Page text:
May Featured Plants
Spring has officially sprung in Nashville, and we can’t think of a better time to get outside and enjoy the warmer weather and sunny days that have finally arrived. May is also a beautiful month in the gardens, with blooming dogwoods, fragrant honeysuckle and lush greenery.
As you enjoy the best of the late spring weather at Cheekwood, keep an eye out for our garden team’s top picks for plants to see in the gardens this month. You can find these with the plant indicator labels throughout the grounds.
False Indigo| Baptisia Decadence® ‘Dutch Chocolate’ (pictured, right)
A native to the Eastern United States, Baptisia was once used for dying fibers by early American settlers, hence the common name “False Indigo”. Now, it is highly valued for its lupine-like blooms, which come in a wide variety of colors, and ease of growing, low maintenance, and its resistance to deer. ‘Dutch Chocolate’ is an exceptional and unique selection with its richly colored purple-brown flowers. To watch false indigo’s stems emerge (they look like asparagus!) from the ground in early spring brings a source of intense delight to the gardeners of Cheekwood. Visitors can find this cultivar along the new Weaver Walk near the Robinson Family Water Garden. False indigo is most effective when planting in a naturalized setting in groupings or as a specimen plant. Give it plenty of full sun and well drained soil to root in, stand back, and admire.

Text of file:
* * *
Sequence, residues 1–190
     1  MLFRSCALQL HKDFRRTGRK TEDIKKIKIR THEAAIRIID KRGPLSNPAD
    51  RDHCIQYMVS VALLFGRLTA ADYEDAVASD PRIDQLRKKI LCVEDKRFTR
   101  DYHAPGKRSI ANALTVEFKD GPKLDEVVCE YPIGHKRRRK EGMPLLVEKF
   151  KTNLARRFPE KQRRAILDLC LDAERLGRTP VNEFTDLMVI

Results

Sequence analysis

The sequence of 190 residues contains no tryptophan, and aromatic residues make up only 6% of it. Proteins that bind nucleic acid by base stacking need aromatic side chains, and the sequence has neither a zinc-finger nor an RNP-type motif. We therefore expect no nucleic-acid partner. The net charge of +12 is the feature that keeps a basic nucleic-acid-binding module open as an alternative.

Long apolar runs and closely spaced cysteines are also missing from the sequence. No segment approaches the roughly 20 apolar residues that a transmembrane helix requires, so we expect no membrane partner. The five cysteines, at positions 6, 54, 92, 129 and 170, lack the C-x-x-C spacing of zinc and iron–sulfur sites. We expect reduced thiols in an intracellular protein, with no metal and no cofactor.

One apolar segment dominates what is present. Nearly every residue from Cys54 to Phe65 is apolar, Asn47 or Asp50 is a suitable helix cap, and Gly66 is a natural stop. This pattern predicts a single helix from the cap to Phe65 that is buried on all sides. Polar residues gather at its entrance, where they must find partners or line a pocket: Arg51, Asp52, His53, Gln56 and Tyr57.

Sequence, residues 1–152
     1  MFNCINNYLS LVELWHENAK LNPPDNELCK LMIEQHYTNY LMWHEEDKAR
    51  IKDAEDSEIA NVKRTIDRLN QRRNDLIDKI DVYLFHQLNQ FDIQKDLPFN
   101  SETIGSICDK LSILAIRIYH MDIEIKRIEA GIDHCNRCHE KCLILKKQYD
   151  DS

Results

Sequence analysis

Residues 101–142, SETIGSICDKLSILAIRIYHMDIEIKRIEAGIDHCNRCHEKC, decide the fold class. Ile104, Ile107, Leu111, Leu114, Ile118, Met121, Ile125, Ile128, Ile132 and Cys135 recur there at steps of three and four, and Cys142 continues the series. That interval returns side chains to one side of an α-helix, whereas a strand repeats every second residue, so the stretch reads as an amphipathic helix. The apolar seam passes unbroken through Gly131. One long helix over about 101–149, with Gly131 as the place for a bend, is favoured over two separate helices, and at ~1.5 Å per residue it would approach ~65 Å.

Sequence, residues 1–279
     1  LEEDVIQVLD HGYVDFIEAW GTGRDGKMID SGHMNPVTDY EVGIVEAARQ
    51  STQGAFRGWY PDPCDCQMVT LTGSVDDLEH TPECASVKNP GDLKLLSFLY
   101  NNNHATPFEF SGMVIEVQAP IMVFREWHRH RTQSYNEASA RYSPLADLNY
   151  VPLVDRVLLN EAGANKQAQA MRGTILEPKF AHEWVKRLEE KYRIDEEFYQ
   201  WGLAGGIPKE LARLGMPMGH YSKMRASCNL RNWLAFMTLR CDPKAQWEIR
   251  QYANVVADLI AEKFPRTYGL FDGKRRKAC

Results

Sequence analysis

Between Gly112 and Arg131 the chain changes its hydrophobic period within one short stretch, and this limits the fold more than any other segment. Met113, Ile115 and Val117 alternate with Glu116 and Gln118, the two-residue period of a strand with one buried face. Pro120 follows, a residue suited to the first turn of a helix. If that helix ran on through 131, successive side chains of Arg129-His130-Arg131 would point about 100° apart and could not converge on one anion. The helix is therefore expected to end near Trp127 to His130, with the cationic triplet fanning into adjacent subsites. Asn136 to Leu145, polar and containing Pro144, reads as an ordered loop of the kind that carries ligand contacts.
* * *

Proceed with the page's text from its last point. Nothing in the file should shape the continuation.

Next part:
Cinnamon Fern | Osmunda cinnamomea (pictured, right)
This native bronzed woodland fern is both reliable and easy to grow. At Cheekwood, we love how it perfectly illustrates our eastern woodlands, spicing up the Howe garden. Though cinnamon fern is heat tolerant, for the very best results, grow in shade with plenty of moisture. The brown, stiff fronds are spore bearing and initially appear in early spring before quickly turning color. The wiry root mass makes an incredibly dense fiber used as a substrate for propagating and growing orchids.
Martin Boxwood Gardens
Solomon’s Seal | Polygonatun odoratum ‘Variegatum’ (pictured, right)